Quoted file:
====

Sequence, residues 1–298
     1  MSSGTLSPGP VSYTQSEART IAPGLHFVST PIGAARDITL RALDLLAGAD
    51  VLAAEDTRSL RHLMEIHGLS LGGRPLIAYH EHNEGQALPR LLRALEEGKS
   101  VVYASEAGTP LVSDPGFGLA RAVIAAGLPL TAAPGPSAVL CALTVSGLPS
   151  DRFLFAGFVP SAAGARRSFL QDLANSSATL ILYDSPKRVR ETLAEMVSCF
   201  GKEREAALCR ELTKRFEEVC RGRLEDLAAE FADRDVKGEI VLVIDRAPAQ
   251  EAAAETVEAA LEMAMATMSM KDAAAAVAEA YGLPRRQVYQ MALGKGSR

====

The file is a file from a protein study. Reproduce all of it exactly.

Sequence, residues 1–298
     1  MSSGTLSPGP VSYTQSEART IAPGLHFVST PIGAARDITL RALDLLAGAD
    51  VLAAEDTRSL RHLMEIHGLS LGGRPLIAYH EHNEGQALPR LLRALEEGKS
   101  VVYASEAGTP LVSDPGFGLA RAVIAAGLPL TAAPGPSAVL CALTVSGLPS
   151  DRFLFAGFVP SAAGARRSFL QDLANSSATL ILYDSPKRVR ETLAEMVSCF
   201  GKEREAALCR ELTKRFEEVC RGRLEDLAAE FADRDVKGEI VLVIDRAPAQ
   251  EAAAETVEAA LEMAMATMSM KDAAAAVAEA YGLPRRQVYQ MALGKGSR